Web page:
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Hamburger Well Done

Jewcy contributor Aaron Hamburger stares down the chauvinism at Shmuel Rosner's Ha'aretz blog, wherein writers far and wide mail in their questions. Aaron and Shmuel had a bit of a sparring match, too: There are a few things in your … Read More

By / July 17, 2007

Jewcy contributor Aaron Hamburger stares down the chauvinism at Shmuel Rosner's Ha'aretz blog, wherein writers far and wide mail in their questions. Aaron and Shmuel had a bit of a sparring match, too:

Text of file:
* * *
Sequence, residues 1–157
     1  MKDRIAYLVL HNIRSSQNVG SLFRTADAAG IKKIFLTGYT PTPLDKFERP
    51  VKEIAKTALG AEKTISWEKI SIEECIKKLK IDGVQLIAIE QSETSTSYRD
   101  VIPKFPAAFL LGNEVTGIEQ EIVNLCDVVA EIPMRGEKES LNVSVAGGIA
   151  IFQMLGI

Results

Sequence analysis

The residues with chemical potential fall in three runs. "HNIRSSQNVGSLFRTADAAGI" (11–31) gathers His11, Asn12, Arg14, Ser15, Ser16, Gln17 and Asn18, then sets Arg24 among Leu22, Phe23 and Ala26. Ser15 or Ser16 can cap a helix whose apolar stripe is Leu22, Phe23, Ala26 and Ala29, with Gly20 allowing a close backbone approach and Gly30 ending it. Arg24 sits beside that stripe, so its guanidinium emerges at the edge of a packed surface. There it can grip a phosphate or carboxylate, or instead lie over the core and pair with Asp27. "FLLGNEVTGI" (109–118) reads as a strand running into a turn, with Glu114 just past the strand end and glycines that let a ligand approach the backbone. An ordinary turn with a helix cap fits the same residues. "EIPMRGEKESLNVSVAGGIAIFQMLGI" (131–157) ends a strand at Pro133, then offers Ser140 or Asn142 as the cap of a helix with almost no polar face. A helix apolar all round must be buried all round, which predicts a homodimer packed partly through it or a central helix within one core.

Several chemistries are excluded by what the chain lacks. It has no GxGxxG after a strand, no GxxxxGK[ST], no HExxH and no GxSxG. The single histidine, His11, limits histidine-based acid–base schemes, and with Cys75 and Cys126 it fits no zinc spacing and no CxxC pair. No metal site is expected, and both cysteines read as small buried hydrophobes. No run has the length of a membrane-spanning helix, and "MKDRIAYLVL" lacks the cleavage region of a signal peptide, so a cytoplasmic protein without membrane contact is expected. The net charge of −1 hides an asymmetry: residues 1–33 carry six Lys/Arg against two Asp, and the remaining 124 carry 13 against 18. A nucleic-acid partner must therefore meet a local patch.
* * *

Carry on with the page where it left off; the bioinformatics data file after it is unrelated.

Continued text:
There are a few things in your column that I think should be cleared up. Your sentence "Hamburger himself evinced enough interest in Israel to stay in the country a few weeks and then write a book set there," is misleading because it implies that my background on issues relating to Israel is that of a first-time novice. I have been to Israel more than a dozen times in my life. My family and I rented a house there one summer. I have cousins there. My brother married an Israeli woman and we visited her family several times as well. In writing Faith for Beginners, however, I did not rely solely on my own experience of Israel. I also did copious research and cited a few of my sources in the back of my book. I don't know what you mean by "Hamburger has said in the past that he is interested only in Americans." (Maybe it would help if you quoted my words directly.) However, if that statement were literally true, why would I write two books set outside of America, first in Prague, then in Israel? Yes, my focus is on America and Americans and the way we deal with the world in an age when American decisions have such profound ripple effects, but certainly not to the exclusion of all others. Anyway, isn't it natural for me to focus on Americans since I am American myself?

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